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In this Feb. 21, 2012, file photo, oil field workers drill into the Gypsum Hills near Medicine Lodge, Kan., using horizontal drilling and a technique known as hydraulic fracturing, or "fracking," to coax out oil and gas. (Orlin Wagner/The Associated Press)
In this Feb. 21, 2012, file photo, oil field workers drill into the Gypsum Hills near Medicine Lodge, Kan., using horizontal drilling and a technique known as hydraulic fracturing, or "fracking," to coax out oil and gas. (Orlin Wagner/The Associated Press)

Is LNG fracturing worth its weight in water? Add to ...

More than seven billion litres of water were used for fracking in B.C. last year. If the government’s liquefied natural gas sector takes off, the water needed to get shale gas out of the ground in the northeast corner of the province will likely increase by 500 per cent, or more.

Much of that water is consumed with only minimal regulation. A new law set to be introduced in the spring would, for the first time in B.C., impose fees for the use of groundwater and allow for government to restrict water use in times of scarcity. But it’s not likely to rein in the practise of hydraulic fracturing, which is critical to the development of LNG.

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Lana Lowe is the director of the Fort Nelson First Nation’s department of land and resources. The water taken out of the band’s territory has already increased 12-fold in the past two years. Sitting in on an environmental appeal board hearing in Victoria in late December, where the Fort Nelson are trying to stop just one of the many applications for a fracking project in their backyard, Ms. Lowe senses that they are trying to stand in the way of a locomotive.

“There is a gold rush on our water resources,” she said, during a break in the hearing, which has already run on for weeks. The band’s chief is not attending because she is at the Site C dam hearings – the resources of this band of 800 members are stretched thin.

At issue in the appeal board hearing is Nexen Inc.’s licence to divert water from North Tsea Lake, north of Fort Nelson – up to 2.5 billion litres per year. The company stores the water for fracking. The Fort Nelson First Nation says this is in the core of their traditional territory and it infringes on their treaty rights, which grant them the right to hunt and fish as they did before they signed their treaty in 1899.

This is just one of many such projects in their territory, and the cumulative impact has transformed the north, now cross-hatched by clearings for seismic readings, the most visible mark on the landscape.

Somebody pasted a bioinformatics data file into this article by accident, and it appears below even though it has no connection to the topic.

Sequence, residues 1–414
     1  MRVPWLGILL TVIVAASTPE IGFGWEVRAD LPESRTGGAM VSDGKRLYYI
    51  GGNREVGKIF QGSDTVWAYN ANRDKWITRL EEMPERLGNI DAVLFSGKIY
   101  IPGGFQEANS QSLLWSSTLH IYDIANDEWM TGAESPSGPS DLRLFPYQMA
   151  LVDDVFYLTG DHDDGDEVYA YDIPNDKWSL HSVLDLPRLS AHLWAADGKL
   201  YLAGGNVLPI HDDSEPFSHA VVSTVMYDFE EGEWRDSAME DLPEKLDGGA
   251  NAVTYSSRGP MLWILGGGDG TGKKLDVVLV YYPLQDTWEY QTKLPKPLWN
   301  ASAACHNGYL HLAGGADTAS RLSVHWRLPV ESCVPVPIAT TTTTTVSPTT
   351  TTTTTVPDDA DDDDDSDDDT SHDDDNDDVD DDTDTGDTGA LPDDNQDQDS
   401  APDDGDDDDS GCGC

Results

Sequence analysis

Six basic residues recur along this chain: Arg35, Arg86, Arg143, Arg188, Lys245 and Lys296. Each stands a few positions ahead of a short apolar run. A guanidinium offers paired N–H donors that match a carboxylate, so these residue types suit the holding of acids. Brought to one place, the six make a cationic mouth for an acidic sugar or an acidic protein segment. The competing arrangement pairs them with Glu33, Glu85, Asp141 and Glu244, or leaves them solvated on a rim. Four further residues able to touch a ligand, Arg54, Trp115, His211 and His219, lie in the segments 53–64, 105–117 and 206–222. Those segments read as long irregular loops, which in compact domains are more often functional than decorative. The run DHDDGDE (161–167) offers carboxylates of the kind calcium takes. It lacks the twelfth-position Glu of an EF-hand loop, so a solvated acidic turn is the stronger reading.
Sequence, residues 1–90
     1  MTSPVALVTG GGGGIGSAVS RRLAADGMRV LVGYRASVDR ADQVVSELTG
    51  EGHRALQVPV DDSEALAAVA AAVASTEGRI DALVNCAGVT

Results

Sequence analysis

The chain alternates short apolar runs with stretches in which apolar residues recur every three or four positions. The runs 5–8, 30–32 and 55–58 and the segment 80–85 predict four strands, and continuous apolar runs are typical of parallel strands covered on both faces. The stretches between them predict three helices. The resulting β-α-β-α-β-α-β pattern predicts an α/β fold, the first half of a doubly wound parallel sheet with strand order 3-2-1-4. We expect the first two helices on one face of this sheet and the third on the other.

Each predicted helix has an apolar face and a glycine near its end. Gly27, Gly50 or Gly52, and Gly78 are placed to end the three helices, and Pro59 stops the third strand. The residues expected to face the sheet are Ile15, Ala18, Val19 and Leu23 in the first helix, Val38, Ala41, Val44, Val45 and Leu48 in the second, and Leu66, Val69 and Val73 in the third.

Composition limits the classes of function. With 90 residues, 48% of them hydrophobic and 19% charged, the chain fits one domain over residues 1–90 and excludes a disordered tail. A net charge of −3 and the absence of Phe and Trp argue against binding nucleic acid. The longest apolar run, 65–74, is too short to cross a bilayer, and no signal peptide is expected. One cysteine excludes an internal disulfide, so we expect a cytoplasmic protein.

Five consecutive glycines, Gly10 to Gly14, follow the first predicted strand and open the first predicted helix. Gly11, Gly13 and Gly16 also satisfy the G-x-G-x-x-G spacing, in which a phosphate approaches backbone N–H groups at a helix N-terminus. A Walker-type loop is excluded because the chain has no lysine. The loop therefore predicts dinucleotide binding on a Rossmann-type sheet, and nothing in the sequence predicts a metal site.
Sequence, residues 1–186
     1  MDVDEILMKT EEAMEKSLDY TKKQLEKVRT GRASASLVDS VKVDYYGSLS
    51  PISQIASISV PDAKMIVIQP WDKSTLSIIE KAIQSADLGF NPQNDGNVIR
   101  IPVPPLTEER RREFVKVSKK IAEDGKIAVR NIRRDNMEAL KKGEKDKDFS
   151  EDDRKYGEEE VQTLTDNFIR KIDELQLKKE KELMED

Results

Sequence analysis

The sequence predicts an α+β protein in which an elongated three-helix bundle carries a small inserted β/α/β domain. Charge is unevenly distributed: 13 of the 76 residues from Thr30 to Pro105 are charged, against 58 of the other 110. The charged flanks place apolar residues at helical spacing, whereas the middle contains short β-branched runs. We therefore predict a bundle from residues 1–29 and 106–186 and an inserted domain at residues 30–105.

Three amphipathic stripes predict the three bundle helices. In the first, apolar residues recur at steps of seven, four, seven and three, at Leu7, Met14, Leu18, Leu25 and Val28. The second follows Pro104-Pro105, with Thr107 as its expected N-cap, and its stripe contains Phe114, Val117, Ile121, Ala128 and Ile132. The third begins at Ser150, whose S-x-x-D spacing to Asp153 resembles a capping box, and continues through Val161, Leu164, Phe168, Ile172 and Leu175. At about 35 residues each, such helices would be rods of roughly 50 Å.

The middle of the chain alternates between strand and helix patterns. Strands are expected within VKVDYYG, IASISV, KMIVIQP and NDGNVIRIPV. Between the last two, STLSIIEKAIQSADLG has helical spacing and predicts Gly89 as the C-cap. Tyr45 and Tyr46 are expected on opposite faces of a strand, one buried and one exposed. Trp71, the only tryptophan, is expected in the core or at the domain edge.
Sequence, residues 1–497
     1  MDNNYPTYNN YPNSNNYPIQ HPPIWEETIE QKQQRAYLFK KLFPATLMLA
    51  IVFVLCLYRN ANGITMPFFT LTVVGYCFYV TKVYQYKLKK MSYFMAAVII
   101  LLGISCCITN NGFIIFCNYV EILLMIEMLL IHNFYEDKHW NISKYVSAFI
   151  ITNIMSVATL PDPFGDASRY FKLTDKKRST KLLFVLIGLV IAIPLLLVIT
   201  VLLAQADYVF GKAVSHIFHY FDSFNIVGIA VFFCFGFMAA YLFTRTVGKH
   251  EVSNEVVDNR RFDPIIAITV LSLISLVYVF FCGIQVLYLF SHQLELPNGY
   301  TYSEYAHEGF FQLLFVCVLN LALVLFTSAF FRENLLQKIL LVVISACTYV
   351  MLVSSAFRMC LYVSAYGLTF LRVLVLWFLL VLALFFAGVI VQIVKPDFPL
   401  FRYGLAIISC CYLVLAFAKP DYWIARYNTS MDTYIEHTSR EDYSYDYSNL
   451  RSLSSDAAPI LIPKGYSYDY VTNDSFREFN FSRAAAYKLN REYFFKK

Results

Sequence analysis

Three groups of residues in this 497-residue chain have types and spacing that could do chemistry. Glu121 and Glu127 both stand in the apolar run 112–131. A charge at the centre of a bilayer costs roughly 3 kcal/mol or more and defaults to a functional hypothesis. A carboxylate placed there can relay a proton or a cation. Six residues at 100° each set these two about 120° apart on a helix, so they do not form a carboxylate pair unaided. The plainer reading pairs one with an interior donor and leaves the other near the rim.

But below, the water table is changing too. Ms. Lowe recalls her grandmother used to drink straight out of the muskeg. “Our elders didn’t have to bring water when they went out on the land. … Now everyone packs water. They are afraid of contamination.”

Environment Minister Mary Polak is planning to bring in the new Water Sustainability Act in the spring, applying some regulation to the allocation of water rights. She said in an interview this should address some of the fears around fracking. Water used for fracking is currently sourced from both surface and groundwater – the latter source is largely unregulated. The act would require that environmental flows be considered by decision-makers before authorizing water use. Which is not to say that the government would shut off the taps.

“This act will allow us to have tighter control because we’ll have better understanding, better monitoring, better reporting and the capacity to step in if there is a risk to environmental flows,” Ms. Polak said. Will it bestow a social licence on fracking – something that is increasingly in question? “I think increasing transparency will be a huge part in creating that trust. We have made good strides but there is more we can do. The more information people have, the more confidence they can feel in our regulatory regime.”

However, she does not see the need for a dramatic change in practices: “We don’t have any evidence of drinking water contamination in our history of fracking.” Then again, that is still under study. The Ministry of Health is conducting a Human Health Risk Assessment of the oil and gas sector in the region. The study is expected to be complete by the spring.

Ms. Lowe, who has reviewed the proposed changes to water regulations, doesn’t take much comfort from Ms. Polak’s assurances. “This new Water Act looks like they are going to make it easier for companies to get what they want for shale gas. We are getting in front of that, and it is a really tough position to be in. There is so much pressure to get this done.”

Ms. Polak acknowledges that her legislation is unlikely to satisfy everyone. The new Water Sustainability Act is bound, she said, to “get people’s dander up.” But she accepts that as inevitable, falling back to a quote attributed to Mark Twain to describe the path ahead: “Whiskey is for drinking, water is for fighting over.”

Follow on Twitter: @justine_hunter

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